The study was conducted at the Michigan State University College of Veterinary Medicine. Sample analysis was performed at the Michigan State University Diagnostic Center for Population and Animal Health.
Pharmacokinetics and Relative Bioavailability of d-Penicillamine in Fasted and Nonfasted Dogs
Article first published online: 22 JUL 2013
Copyright © 2013 by the American College of Veterinary Internal Medicine
Journal of Veterinary Internal Medicine
Volume 27, Issue 5, pages 1071–1076, September/October 2013
How to Cite
Langlois, D.K., Lehner, A.F., Buchweitz, J.P., Ross, D.E., Johnson, M.B., Kruger, J.M., Bailie, M.B., Hauptman, J.G. and Schall, W.D. (2013), Pharmacokinetics and Relative Bioavailability of d-Penicillamine in Fasted and Nonfasted Dogs. Journal of Veterinary Internal Medicine, 27: 1071–1076. doi: 10.1111/jvim.12147
- Issue published online: 13 SEP 2013
- Article first published online: 22 JUL 2013
- Manuscript Accepted: 5 JUN 2013
- Manuscript Revised: 3 MAY 2013
- Manuscript Received: 30 JAN 2013
- Michigan State University College of Veterinary Medicine Companion Animal Fund
- Michigan State University College of Veterinary Medicine Trinket Fund
- Copper chelation;
- Copper toxicosis treatment;
- Copper-associated hepatitis
d-Penicillamine is the most commonly used copper-chelating agent in the treatment of copper-associated hepatitis in dogs. Response to therapy can be variable, and there is a lack of pharmacokinetic information available for dogs. Coadministering the drug with food to alleviate vomiting has been recommended for dogs, which contradicts recommendations for drug administration to humans.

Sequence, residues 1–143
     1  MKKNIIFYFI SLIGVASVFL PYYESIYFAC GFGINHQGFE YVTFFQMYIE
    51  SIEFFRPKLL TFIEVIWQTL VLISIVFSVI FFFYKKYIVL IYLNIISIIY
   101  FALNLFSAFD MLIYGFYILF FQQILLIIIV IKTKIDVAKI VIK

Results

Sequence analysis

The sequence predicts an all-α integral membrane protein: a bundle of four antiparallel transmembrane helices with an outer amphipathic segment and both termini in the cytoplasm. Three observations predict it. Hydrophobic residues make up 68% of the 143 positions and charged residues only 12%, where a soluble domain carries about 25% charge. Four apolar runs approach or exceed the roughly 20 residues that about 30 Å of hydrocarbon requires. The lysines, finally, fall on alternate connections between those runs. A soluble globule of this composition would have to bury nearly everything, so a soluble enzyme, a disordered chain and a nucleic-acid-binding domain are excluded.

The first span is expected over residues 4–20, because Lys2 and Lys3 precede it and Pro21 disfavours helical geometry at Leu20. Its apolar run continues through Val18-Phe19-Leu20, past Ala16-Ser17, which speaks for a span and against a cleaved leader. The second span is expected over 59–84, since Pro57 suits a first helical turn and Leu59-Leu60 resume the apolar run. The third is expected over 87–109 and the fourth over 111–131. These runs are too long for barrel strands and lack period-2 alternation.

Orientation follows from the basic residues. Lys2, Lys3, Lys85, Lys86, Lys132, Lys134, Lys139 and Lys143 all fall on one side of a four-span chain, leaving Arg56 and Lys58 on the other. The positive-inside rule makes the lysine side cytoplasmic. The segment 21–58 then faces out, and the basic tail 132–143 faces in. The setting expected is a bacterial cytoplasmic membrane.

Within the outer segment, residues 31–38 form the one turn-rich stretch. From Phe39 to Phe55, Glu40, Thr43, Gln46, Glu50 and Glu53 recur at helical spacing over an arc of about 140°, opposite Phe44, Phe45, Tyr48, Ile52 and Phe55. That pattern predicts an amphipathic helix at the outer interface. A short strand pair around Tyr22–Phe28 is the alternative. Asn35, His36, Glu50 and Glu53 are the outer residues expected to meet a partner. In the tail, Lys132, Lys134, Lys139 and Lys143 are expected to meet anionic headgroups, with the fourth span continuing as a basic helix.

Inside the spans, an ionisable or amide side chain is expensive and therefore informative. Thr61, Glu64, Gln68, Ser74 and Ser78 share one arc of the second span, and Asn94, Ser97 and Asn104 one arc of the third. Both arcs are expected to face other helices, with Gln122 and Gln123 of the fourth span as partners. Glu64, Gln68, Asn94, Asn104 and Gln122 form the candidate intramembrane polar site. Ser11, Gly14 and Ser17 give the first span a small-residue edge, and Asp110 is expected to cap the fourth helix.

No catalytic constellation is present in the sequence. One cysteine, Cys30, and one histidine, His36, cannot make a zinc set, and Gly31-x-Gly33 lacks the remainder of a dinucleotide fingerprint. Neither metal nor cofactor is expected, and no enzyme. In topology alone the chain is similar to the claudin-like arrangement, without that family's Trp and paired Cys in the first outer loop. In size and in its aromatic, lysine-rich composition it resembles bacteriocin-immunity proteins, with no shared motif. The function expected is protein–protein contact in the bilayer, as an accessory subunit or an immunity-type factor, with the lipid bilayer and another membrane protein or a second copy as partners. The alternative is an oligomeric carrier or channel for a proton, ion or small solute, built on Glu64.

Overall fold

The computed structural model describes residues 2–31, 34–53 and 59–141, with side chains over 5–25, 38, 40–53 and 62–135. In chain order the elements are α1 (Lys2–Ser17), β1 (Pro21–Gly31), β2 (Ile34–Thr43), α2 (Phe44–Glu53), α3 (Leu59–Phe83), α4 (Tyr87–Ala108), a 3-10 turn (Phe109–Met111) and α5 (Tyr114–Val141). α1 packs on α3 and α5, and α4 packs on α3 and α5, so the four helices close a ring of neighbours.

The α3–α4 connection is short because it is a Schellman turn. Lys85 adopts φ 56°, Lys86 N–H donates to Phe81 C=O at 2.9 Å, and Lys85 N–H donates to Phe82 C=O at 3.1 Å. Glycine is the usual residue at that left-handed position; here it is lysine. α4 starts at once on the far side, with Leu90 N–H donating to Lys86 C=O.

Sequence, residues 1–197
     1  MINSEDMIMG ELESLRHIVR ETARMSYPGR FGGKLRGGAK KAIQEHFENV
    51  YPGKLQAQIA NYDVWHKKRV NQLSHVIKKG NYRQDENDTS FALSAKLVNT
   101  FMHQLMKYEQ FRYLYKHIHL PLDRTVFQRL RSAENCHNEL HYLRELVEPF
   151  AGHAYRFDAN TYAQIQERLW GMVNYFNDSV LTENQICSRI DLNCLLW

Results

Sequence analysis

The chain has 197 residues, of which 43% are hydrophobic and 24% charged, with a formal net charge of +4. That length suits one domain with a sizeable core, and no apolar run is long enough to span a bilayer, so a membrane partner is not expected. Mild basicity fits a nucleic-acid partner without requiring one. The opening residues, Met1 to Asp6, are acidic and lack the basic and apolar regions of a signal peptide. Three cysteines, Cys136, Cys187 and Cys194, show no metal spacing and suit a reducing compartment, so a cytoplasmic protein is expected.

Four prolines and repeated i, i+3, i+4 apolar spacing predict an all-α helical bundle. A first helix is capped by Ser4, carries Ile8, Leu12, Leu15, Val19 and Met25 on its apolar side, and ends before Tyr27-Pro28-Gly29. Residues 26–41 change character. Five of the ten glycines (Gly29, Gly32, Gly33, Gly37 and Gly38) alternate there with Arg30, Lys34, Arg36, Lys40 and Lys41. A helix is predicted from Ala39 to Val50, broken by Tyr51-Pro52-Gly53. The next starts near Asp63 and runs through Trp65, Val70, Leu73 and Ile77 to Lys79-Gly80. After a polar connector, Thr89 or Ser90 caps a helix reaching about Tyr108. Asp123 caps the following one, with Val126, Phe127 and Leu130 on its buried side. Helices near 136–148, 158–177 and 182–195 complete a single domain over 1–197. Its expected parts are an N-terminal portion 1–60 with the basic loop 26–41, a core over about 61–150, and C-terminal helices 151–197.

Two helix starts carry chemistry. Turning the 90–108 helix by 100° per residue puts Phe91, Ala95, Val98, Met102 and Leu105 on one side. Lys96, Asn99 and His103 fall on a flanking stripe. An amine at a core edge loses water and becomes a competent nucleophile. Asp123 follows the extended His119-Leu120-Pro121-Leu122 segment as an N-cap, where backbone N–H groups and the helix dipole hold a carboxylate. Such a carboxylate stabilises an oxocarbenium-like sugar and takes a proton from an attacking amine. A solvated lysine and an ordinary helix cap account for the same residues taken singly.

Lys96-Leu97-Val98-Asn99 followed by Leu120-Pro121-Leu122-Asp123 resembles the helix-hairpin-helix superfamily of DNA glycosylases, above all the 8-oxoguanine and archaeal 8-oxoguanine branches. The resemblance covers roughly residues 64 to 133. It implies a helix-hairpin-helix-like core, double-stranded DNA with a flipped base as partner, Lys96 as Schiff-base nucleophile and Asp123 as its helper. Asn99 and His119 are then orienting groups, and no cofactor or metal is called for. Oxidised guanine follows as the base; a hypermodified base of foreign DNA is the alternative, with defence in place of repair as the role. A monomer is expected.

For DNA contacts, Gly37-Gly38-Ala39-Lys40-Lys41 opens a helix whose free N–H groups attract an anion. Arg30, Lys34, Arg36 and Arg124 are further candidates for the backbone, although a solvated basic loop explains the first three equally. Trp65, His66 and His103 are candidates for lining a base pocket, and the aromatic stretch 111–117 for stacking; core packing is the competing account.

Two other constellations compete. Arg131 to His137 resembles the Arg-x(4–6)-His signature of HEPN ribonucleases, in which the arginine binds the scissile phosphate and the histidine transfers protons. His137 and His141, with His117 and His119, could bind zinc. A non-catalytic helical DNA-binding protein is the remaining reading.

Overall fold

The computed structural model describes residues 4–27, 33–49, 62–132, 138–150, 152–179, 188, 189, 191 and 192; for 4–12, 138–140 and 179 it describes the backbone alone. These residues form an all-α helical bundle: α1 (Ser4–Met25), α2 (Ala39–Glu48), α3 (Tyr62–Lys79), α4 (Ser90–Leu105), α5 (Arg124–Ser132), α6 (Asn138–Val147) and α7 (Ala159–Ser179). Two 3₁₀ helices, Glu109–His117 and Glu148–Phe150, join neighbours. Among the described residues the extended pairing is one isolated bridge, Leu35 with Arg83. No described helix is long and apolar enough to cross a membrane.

Coadministration of d-penicillamine with food decreases relative bioavailability and maximum plasma drug concentrations (Cmax) in dogs.
Nine purpose-bred dogs with a median body weight of 17.0 kg.
Dogs received d-penicillamine (12.5 mg/kg PO) fasted and with food in a randomized, crossover design. Blood samples were collected before and 0.25, 0.5, 1, 2, 3, 4, 8, 12, and 24 hours after dosing. Total d-penicillamine concentrations were measured using liquid chromatography coupled with tandem quadrupole mass spectrometry. Pharmacokinetic parameters were calculated for each dog.
Two fasted dogs (22%) vomited after receiving d-penicillamine. Mean Cmax ± standard deviation (SD) was 8.7 ± 3.1 μg/mL (fasted) and 1.9 ± 1.6 μg/mL (fed). Mean area under the plasma concentration curve ± SD was 16.9 ± 5.9 μg/mL·h (fasted) and 4.9 ± 3.4 μg/mL·h (fed). There were significant reductions in relative bioavailability and Cmax in fed dogs (P < .001).
Conclusions and Clinical Importance
Coadministration of d-penicillamine with food significantly decreases plasma drug concentrations in dogs. Decreased drug exposure could result in decreased copper chelation efficacy, prolonged therapy, additional cost, and greater disease morbidity. Administration of d-penicillamine with food cannot be categorically recommended without additional studies.